I can think of at least 5 people I’m connected with who wear their “4 stars only” rule as a badge of pride. Not that they give a crap, but I don’t think that makes them seem intelligent or hold them in higher regard because if they happen to give me that 5th star, I’ll bow to them. Pfftt, hell no. I just roll my eyes and vow to never buy/read/review any of their books. Sidenote… I know of someone who bought The Art Of Zen and she’s a 4-star stickler. I’m thankful she bought my book, but I don’t want her to review it. Especially since I bought her book and gave her a 5-star review before I ever knew this about her.

Photo by Pixabay on Pexels.com

I know some who read this are probably thinking, “Geez, lady. Get over it and move on, it’s only a review.” That’s true. But this is my blog so I can vent about whatever I want. 4 stars is a good review, but if you’re willing to give it 4, there’s no reason not to give it 5. Oh, and another thing! My very first 4-star review on my debut novel was from someone who is not a writer, but a childhood friend. They have a strange screen name, so I didn’t know who it was. But I dug and I figured it out. I was shocked, and hurt… and 4 years later, I’m still irritated by it. I guess what I’m trying to say is, fellow authors and people who have known you since you were 8 years old, shouldn’t be jerks when leaving a review.

Photo by ICSA on Pexels.com

Just my point of view… If we’re all in this together, we should lift each other up and give praise, especially if we want it in return. Thank you for coming to my Ted Talk!

Published Author, Queries, Self Publishing, Writing

My Exquerience – Agents Are People Too

I’ve sent out two queries so far this year. That doesn’t sound like a lot, but let me tell you, there is a lot of work that goes into each one. I’ve said this before… it can be very daunting submitting to an agent for a few reasons. First and foremost, sharing my work with anyone is daunting. Even now, four years into the self-publishing game, I still get a little sick to my stomach when my editor reads my work, and more so when I publish. To submit my work to an agent, a total stranger who I’m asking to take me on, is beyond nerve wracking!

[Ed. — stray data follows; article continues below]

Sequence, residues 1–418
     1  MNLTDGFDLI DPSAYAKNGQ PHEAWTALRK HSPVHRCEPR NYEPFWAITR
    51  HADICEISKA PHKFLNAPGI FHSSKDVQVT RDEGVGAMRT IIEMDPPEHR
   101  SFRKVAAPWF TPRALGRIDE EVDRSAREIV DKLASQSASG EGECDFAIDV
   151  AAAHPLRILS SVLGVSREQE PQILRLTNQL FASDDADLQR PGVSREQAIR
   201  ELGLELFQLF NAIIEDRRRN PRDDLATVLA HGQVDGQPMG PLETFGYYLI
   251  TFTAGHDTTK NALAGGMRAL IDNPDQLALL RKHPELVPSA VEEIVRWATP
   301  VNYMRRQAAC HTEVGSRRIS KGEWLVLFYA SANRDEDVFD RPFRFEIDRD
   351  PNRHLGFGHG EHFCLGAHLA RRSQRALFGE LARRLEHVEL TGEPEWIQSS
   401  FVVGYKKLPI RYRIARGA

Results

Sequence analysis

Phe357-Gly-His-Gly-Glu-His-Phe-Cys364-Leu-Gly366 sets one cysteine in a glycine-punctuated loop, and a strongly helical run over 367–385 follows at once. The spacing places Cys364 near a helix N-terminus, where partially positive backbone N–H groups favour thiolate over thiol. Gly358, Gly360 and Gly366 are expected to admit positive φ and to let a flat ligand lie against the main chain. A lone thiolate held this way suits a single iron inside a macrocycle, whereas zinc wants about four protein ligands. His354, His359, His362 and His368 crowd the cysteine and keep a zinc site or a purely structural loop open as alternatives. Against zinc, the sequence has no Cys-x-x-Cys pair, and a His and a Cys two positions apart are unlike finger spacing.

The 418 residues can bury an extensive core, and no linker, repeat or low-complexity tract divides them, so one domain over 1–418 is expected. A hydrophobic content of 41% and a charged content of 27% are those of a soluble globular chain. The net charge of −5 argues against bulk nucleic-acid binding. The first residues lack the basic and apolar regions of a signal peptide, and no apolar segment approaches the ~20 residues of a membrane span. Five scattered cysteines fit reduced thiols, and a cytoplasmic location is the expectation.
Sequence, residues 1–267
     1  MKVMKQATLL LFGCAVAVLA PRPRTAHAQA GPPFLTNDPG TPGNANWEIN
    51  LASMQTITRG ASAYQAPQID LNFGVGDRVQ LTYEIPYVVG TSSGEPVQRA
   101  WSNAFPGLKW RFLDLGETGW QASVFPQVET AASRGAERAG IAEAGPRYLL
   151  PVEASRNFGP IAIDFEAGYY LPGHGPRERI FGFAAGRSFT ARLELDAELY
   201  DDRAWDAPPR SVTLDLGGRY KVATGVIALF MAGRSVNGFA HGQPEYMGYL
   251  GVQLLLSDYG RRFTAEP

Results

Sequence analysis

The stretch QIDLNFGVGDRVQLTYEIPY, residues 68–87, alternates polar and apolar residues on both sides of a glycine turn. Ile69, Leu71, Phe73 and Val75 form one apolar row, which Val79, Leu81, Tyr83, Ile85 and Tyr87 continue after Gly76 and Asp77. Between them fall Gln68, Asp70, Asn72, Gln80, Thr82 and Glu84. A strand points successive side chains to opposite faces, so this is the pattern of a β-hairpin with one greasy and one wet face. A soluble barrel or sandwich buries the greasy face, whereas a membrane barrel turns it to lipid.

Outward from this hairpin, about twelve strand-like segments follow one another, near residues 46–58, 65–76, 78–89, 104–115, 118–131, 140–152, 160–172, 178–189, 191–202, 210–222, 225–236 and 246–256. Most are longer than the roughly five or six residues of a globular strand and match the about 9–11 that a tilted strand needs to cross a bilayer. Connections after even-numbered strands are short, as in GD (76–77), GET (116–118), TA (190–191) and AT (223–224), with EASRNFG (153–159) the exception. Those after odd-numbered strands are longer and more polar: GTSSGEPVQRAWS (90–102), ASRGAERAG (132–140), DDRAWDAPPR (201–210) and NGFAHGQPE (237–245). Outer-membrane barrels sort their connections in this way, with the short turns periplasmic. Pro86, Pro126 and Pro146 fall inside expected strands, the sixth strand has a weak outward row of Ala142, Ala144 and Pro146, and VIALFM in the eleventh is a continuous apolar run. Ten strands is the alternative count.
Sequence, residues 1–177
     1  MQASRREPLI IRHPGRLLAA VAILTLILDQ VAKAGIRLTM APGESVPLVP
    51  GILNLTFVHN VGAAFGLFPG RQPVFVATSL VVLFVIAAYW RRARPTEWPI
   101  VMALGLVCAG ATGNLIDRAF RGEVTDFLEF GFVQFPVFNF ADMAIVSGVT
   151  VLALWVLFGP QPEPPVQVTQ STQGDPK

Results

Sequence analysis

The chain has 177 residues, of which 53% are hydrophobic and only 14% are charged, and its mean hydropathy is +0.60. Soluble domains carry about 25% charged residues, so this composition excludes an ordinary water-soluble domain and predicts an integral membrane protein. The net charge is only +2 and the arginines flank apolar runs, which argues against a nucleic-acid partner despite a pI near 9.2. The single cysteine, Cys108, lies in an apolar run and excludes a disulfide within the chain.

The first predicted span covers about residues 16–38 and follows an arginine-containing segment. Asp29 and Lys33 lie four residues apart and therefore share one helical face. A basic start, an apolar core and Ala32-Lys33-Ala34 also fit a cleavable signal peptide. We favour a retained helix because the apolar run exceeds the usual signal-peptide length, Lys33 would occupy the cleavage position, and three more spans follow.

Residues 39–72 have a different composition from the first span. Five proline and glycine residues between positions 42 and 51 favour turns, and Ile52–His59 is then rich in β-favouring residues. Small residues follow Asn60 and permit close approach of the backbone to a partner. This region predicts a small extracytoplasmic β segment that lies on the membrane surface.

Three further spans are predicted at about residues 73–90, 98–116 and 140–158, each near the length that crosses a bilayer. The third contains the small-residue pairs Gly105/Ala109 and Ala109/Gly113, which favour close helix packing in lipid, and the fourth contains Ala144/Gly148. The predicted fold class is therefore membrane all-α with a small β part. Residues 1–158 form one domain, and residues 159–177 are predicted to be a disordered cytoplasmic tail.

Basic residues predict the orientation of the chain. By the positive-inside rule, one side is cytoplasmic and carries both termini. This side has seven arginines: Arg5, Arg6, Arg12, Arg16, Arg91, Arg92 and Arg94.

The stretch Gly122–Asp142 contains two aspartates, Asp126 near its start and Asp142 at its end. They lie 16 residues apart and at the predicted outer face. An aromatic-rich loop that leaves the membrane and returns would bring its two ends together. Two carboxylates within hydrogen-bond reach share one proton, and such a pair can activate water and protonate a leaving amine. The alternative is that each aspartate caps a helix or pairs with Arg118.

It’s also daunting because each agency is different when it comes to their submission guidelines. I know I’ve touched on this before… it’s not like a huge job website where you upload a resume and start quick applying to every listing in the hopes to get an interview. Each one is specific in what they want. Some have a form that you fill out, some want an email with the first 25 or 50 pages attached as a document. And some want you to include everything in the body of the email. They make it very clear that if you miss one step of their guidelines, they won’t look at you. I get it, they want to make sure people are paying attention and researching the agents, but damn! I’ve had executive assistant jobs that required less attention to detail! I’m a writer, the details are in my stories!

As I was researching the agent I will submit to for the month of May, and of course, getting into my head about how superior these people are to me and that I’ll never be smart enough for them… I told myself to shut up. The agent photos are one extreme to the other. They either look like scholars who are going to look down on me, or they look young enough to be my child, and I’m intimidated by both! I had to remind myself that they’re people, too.

They put their pants on one leg at a time, they breathe the same air that I do. They do all the same things that anyone does, because they’re people! What a revelation! They get colds, they get hungry, they smile when something makes them happy, and cry when something makes them sad. They have ups and downs like we all do. They get breakouts, they have insecurities, they use the bathroom! Insert gasp here! How many times when we were growing up, did we think that teachers never went to the bathroom, and when we found out that they did in fact, use the bathroom just like us, we were floored? Agents, much like teachers, also use the bathroom! For the love of God, people, they poop!

What a silly thing to realize, right? Maybe, but it helped, and I know it will continue to help me through My Exquerience, to remember, that agents are people, too. Now I just have to get one to sign me on, find a huge publisher that has been wondering where I’ve been, and have my stories made into a movie or a series on Netflix, Hulu, HBO Max, Disney Plus… well, you get the idea. Until then, I will keep submitting and of course, keep sharing my journey with you!

Thanks for following My Exquerience!

Novel, Published Author, Self Publishing, Writing

Falling In Love… With Fictional Characters

Any reader can attest to this… to say that they love to lose themself in the story of a good book… and to fall in love with the characters. It happens. A lot!

I’ve been an avid reader my entire life. For me, it was because of my love of acting. Taking on a role, and becoming that character was the best part about acting. It provided that escape from life, that escape from homework, friend drama, family drama… any drama! It created its own drama and I thrived on that. I still do. I’ve seen a ton of memes floating around on social media about readers falling in love with characters. But what about the writer? Has anyone ever wondered, while they’re reading a book, did the writer feel what I’m feeling?